Hey there! Any guesses today on what these might be?
Will check in with you all later!
These are the nuts of the Black Walnut, Juglans nigra, still in the husk.
It’s quite nasty to get off and stains our paws, so we don’t bother collecting these until the winter weather has disintegrated the husk. Miz Flora says humans used to collect them and use the husks for dye.
By the way, each of those long ‘branches’ of drooping leaves is one single leaf with many leaflets.
Like other forest mast producers, the Black Walnut trees we spotted are flush with nuts this year.
Quite scary actually for Nutmeg and I to be below them, so we stuck to the branches around its perimeter.
It’s Hickory back again today with a note on another of our favorite foods.
These acorns are smaller than the White Oak ones. I know this is a Black Oak, Quercus velutina, not a red, because of the size of the acorns, but also because the leaves have little tufts of hair at the axils of the veins on the back of the leaves.
Hey there, it’s Hickory filling in for Nutmeg today. And yes, I’m getting the hint that she’s busy collecting acorns and doesn’t have time to post, but I do. All right already, everyone! I’m going to start collecting acorns. I looked up that reference to the Grasshopper, and it wasn’t a pretty story.
But before I go, here’s a shot of White Oak, Quercus alba, acorns, the ones growing on that beautiful tree I presented on Sunday.
They are really falling in large numbers. The amount of mast–the fruit of forest trees–is quite high this year. Every few years the trees produce bumper crops. This is one of them, which is why I haven’t been particularly worried. Enough for everyone.
Getting a little crazy around here with the female squirrels collecting acorns, so Ol’ Wally is going to be brief today and add to his collection.
This here is a fine example of a bird bath. See the engraving patterns on the surface of the bowl? That is especially helpful to birds that want to immerse themselves. Even if you humans for get to change the water–not sayin’ you do, but sometimes that happens–then is a bit of algae grows, there’s still a way for the avian toes to get traction.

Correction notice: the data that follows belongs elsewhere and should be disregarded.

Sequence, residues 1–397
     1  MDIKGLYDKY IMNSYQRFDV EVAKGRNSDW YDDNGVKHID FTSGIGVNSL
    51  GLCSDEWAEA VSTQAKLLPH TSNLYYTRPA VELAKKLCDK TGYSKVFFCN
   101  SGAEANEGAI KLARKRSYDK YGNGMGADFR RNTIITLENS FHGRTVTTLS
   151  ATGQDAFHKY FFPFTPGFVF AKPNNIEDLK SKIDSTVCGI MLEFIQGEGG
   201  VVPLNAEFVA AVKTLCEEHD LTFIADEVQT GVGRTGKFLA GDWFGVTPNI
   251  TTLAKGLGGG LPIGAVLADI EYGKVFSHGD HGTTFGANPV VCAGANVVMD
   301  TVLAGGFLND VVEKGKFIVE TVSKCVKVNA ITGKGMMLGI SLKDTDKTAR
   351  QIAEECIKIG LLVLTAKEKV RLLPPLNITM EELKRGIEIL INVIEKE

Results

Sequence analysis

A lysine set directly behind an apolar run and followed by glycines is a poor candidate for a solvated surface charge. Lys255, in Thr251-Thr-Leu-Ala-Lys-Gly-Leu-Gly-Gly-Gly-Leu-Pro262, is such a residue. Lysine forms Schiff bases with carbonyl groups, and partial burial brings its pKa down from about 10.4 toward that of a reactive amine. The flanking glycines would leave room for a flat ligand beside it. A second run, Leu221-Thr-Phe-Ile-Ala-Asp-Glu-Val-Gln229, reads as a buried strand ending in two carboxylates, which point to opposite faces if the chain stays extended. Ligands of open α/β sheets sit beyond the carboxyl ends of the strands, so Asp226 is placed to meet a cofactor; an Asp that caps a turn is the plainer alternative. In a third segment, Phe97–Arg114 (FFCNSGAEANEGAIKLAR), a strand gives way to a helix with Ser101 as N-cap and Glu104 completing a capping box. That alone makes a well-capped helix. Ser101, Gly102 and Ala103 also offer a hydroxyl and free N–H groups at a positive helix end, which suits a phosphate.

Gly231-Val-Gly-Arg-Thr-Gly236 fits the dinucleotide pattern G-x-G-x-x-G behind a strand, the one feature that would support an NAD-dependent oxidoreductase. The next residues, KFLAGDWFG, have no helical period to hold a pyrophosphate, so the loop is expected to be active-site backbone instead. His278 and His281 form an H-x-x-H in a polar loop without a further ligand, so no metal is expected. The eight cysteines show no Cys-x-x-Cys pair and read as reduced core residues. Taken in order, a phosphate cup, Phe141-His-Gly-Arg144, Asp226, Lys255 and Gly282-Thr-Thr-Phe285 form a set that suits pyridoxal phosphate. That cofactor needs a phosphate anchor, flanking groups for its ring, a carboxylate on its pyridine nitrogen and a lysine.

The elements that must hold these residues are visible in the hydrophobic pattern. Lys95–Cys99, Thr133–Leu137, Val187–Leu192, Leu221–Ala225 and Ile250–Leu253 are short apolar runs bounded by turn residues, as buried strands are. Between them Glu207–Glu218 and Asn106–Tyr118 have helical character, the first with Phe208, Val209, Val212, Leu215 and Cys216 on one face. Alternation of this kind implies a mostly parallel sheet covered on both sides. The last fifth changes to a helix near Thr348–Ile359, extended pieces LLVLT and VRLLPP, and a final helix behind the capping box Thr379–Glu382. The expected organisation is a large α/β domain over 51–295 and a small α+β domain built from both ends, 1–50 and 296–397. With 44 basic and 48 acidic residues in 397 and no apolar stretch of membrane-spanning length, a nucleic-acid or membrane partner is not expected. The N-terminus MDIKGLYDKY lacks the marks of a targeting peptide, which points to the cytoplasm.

Hickory and I ran across this tree downed in the storm that had been cut and removed.
We noticed the base still had green leaves and on closer look, backed away—Poison Ivy.
The thick vine has clumps of the reddish root hairs we showed you before on the smaller vines. The humans did seem to know enough not to cut it and release the oils that cause the itching, but we sure high-tailed it out of there.
This blue-black wasp caught my eye and got me to notice a plain white flower that I wouldn’t have otherwise. Many insects were feeding on it, much like the Blue Mistflower closer to my leaf nest.
Miz Flora had some trouble identifying the plant. “I can narrow it to species related to both the Mistflower and the Joe-Pye Weed, the Eupatorium family. Checking my book, I think with the flower heads longer than wide and the uppermost leaves alternate, it may be Eupatorium serotinum, Late-flowering Boneset.”
I did see the few lone leaves at the top, whereas in the lower pars of the stalk, the leaves all matched opposite.
“Which is typical in bonesets,” Miz Flora said. “I’m not sure what they are comparing for the lateness of the bloom, but the flower heads are oblong shaped.” She snapped her book closed. “Close as you’ll get, Nutmeg. Lots to do now, with fall approaching. Acorns, you know,” she said and leaped off.
Hmm. Nothing since I met Miz Flora last spring had put her off a plant identification. I started gathering acorns myself.